voices they hear are never their
own. They are always specific
sounding. There is a guy who lives
here in my building who hears voices every day, most all the day
long. There are several different
"characters" that converse with
him, each with a different voice,
different personality, and dif-
ferent interests. One is a woman.

He trusts me enough to answer just
about any question I have about the voices and he's told me alot
about them. One time I asked if
I could talk to the woman. He
"asked" her, mentally, and told
me she said OK. "She" could hear
anything I said through his ears
but of course he had to tell me
what she was saying in response.

The conversation didnt amount to
much because this woman was ap-
parently so surprised and amazed
to be talking to anyone besides
this guy that she couldn't talk
about much else.

He said the voices do, indeed
seem to be located inside his
head, but he was sure they were
beamed in from the outside by tele
pathy. He believes they are people
not ghosts or spirits. He has no
idea where they are, or why most
people can't hear them.

I think if deaf people could hear
with the neurophone it would also
seem that the sounds were coming
from inside their heads. Any one
who had been deaf from birth
would probably not know the difference.

It does raise the question of how
they would know what direction
sounds were coming from. They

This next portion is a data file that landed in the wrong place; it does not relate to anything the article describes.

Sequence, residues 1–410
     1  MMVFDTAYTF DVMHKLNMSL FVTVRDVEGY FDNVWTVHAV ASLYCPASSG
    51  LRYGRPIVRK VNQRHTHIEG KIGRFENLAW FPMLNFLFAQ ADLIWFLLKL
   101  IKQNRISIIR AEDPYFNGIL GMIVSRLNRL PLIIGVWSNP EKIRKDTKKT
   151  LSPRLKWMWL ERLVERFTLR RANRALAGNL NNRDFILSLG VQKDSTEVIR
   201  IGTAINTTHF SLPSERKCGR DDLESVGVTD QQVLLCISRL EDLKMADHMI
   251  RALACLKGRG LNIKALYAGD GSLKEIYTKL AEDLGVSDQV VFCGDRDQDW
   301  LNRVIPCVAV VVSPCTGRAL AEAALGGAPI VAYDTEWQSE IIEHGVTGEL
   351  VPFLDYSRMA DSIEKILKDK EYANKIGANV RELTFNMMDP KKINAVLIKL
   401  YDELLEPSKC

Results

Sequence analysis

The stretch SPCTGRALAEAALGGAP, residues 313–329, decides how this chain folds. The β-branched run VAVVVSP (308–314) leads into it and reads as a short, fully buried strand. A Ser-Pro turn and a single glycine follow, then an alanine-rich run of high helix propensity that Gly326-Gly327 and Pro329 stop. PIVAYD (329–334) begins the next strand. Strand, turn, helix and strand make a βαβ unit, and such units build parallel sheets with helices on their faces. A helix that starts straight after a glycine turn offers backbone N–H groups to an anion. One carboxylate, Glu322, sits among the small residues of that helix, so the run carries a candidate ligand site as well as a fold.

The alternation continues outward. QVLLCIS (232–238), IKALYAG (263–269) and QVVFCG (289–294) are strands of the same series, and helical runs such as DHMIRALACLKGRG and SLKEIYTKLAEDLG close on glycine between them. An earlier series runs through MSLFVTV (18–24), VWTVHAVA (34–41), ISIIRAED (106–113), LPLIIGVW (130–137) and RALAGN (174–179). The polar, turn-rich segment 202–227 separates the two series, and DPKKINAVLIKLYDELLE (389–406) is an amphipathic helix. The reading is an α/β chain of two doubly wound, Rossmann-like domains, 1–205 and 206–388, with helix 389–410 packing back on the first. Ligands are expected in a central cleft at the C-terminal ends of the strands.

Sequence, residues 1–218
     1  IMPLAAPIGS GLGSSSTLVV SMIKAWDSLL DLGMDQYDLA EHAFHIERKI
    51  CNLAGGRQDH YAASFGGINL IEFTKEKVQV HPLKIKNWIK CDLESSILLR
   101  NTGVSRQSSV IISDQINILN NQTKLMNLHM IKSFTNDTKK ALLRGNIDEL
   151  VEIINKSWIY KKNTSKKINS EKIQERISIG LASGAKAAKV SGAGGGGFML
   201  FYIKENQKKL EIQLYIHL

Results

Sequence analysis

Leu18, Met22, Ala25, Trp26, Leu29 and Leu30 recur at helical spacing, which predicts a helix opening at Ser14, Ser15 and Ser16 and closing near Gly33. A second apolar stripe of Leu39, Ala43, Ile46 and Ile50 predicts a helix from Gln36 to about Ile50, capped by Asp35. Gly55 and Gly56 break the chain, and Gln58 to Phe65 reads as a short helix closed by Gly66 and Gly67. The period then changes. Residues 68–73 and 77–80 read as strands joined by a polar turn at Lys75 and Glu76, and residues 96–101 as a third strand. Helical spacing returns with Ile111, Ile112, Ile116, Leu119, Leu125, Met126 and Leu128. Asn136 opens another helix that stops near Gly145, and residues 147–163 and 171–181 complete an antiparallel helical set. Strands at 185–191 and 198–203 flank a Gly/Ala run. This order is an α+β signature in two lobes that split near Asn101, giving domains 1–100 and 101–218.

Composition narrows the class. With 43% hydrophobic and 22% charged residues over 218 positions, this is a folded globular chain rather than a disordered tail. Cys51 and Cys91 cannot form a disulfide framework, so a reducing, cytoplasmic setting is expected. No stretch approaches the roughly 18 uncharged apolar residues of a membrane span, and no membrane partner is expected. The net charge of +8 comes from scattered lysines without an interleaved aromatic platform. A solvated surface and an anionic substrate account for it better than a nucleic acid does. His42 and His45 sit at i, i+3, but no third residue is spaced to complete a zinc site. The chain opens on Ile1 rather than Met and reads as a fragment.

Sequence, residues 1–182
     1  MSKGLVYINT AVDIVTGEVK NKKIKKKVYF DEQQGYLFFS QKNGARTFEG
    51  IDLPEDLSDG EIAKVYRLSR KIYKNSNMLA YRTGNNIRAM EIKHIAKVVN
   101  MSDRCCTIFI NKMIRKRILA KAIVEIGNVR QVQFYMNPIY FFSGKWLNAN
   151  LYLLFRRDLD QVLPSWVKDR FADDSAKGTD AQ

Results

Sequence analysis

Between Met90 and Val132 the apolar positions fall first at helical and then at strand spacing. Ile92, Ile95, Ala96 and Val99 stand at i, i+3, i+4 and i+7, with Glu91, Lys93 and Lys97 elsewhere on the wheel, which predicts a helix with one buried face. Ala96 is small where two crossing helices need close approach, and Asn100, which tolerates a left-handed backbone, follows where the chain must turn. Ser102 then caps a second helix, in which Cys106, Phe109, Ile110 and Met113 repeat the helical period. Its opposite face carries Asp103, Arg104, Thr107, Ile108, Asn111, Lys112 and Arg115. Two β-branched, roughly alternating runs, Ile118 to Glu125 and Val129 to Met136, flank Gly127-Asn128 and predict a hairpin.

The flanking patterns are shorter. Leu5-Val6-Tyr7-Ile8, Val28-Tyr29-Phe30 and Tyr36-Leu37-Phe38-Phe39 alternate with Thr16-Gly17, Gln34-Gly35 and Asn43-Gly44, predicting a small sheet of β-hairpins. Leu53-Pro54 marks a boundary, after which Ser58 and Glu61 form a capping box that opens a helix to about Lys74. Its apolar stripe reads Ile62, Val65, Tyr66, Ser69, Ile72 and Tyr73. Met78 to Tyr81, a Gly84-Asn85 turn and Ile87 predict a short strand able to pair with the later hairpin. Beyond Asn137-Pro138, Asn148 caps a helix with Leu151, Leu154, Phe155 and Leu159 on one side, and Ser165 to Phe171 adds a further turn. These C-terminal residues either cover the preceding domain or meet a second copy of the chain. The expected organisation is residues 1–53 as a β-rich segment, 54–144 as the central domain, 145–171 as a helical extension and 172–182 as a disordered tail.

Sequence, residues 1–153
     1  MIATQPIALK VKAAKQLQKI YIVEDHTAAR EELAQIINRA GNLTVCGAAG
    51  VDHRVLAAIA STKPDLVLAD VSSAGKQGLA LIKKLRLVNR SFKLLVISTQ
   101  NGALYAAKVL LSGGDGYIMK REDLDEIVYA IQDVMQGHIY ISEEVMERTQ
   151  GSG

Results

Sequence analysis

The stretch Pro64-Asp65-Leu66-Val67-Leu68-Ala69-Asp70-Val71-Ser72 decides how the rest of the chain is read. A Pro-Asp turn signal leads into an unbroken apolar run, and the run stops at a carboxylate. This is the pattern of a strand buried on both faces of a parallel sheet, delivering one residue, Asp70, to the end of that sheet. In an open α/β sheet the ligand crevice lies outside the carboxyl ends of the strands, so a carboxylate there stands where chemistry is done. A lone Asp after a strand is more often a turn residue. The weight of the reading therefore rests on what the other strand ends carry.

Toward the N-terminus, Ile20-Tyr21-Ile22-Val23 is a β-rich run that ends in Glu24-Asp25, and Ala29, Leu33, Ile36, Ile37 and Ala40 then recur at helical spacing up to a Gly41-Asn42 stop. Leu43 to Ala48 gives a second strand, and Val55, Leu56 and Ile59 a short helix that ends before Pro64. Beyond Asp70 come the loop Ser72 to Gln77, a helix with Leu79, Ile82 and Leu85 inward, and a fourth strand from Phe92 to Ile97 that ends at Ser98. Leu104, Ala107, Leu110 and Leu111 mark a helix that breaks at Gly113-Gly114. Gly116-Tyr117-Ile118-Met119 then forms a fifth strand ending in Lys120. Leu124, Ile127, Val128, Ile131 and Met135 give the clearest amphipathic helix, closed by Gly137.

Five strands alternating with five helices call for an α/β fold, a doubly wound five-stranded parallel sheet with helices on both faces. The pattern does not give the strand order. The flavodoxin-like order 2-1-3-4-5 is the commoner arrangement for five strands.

might not be able to tell, and
would still have to rely on sight
to check this out.
  • #5
the article i read, of which i was referencing was only talking about one specific kind of skitzophrenia. i didn't mean that all skitzophrenics heard voices outside their head, but that there is some people who's voices did seem to occur outside themselves. i'll see if i can find the article. would the voices people hear in their mind with the neurophone sound like the real person's voice? i'd assume though that they would be distinct as voices in a person's head and wouldn't be mistaken as one's own thought. that could lead to some real subliminal messaging problems.
  • #6

In addition to the guy who lives
here I also know two women very
well who hear voices. For one of
these women the voices are "inside" her head as well, but the other one described them as being
located somewhere out in the room.

The latter woman converses with
angels, and once in a while Jesus
himself.I asked her about "Jesus"
in detail and she said it is a
wonderful and powerfully affect-
ing male voice that seems to come
from one side only about a foot
away from her ear.

("Hearing voices" can happen any-